3. A machine according to claim 1 wherein the actuator mechanisms are configured to adjust the engagement tools to move through similar motions.
4. A machine according to claim 1 wherein the actuator mechanisms are configured to adjust the engagement tools to maintain the second portions substantially parallel while reorienting the second portions to the desired configuration of each section.
5. A machine according to claim 1 wherein each actuator mechanism comprises:
a first member defining an end extending from a frame of the machine;
a second member adjustably connected to the end of the first member and configured to be adjusted along a longitudinal direction defined by the first and second members; and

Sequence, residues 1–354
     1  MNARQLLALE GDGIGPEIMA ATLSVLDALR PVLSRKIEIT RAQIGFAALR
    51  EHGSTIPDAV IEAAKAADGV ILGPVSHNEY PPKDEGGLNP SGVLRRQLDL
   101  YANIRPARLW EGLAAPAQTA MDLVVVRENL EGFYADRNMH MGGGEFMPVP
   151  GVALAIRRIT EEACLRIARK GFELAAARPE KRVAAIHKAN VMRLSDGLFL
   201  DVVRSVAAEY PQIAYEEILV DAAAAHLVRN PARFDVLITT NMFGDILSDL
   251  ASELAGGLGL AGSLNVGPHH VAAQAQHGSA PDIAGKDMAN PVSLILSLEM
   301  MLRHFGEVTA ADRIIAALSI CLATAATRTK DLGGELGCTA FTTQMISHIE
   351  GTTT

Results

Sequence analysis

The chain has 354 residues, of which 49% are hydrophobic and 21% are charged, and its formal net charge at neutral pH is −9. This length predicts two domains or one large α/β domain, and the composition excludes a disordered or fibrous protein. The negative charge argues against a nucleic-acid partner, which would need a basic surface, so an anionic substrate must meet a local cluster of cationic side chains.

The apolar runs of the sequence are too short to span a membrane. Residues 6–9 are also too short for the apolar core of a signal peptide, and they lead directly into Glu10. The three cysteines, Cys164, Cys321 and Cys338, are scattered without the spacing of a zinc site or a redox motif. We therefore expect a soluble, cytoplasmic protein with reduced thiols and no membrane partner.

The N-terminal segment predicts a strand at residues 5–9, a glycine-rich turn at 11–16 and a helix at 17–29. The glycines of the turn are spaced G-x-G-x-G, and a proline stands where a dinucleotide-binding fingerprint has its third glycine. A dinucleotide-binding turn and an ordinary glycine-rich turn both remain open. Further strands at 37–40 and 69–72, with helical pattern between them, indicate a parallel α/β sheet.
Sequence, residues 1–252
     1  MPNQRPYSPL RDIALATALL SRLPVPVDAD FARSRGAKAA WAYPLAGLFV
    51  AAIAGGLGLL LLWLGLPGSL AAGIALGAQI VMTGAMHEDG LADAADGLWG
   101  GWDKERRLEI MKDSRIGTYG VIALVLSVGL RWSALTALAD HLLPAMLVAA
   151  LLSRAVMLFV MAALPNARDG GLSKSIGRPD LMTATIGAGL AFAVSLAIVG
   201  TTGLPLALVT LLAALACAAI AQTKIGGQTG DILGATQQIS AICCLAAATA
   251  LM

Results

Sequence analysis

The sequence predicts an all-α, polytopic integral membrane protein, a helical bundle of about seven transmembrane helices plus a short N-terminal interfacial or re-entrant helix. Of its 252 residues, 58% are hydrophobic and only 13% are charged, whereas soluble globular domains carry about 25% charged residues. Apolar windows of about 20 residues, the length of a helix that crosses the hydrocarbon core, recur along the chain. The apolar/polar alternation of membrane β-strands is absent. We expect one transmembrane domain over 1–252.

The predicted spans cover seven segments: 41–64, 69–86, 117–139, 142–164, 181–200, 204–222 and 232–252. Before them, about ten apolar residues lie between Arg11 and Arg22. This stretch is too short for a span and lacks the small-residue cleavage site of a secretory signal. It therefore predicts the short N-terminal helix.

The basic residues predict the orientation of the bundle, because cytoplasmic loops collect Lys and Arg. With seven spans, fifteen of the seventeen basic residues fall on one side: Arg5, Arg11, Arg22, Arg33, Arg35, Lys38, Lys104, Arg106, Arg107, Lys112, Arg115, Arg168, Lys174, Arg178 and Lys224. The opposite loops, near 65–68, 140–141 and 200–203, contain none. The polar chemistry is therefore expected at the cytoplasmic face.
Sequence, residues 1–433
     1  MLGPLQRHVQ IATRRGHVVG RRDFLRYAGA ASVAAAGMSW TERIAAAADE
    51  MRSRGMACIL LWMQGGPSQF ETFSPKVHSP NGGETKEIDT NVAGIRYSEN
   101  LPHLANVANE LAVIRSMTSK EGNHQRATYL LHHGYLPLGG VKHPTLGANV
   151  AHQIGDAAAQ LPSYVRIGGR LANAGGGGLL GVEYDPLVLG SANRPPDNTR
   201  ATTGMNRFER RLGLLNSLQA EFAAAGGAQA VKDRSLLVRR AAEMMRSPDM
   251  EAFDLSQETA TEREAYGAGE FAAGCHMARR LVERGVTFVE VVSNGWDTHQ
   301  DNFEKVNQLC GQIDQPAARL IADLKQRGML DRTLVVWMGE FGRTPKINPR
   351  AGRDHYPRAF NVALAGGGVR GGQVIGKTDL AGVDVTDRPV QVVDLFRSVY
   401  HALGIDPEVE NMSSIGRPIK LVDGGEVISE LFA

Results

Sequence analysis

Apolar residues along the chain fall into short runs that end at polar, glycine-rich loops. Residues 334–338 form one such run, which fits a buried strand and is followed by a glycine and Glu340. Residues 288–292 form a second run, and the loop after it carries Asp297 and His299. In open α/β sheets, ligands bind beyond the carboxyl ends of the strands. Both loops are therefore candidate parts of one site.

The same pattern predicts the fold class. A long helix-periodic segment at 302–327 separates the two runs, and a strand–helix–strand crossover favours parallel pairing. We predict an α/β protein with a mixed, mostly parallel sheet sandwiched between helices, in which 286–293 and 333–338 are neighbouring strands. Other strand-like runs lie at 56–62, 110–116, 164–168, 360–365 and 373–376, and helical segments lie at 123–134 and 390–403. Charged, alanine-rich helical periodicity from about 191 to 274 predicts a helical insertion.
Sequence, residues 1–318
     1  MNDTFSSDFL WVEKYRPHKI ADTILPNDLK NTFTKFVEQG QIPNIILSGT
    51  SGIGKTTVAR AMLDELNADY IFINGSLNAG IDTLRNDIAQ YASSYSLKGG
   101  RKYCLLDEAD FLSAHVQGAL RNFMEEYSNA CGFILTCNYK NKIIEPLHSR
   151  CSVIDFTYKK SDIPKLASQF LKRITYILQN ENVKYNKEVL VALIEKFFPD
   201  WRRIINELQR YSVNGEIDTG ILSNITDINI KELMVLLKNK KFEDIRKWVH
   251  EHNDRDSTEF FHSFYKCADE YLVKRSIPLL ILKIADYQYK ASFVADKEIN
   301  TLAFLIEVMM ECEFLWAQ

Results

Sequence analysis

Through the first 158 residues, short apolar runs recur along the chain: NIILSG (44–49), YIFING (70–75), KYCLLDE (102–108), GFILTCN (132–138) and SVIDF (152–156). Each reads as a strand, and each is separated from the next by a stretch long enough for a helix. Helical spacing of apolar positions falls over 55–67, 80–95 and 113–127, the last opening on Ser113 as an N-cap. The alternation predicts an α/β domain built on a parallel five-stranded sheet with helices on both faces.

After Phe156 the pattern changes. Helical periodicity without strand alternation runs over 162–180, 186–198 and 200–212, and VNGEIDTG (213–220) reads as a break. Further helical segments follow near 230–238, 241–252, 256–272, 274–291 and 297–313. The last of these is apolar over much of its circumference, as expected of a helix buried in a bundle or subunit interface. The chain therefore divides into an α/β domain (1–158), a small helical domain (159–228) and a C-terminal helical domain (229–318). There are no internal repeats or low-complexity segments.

a head member connected to the second member by two links, each link being rotatably connected to the second member and the head member such that the head member is configured to be rotated relative to the second member about an axis perpendicular to the longitudinal direction of the first and second members,
wherein the respective engagement tool is adjustably mounted to the head member.
6. A machine according to claim 5 wherein for each of the actuator mechanisms, a rotary joint is provided such that the respective head member is configured to rotate about a longitudinal axis of the first and second members.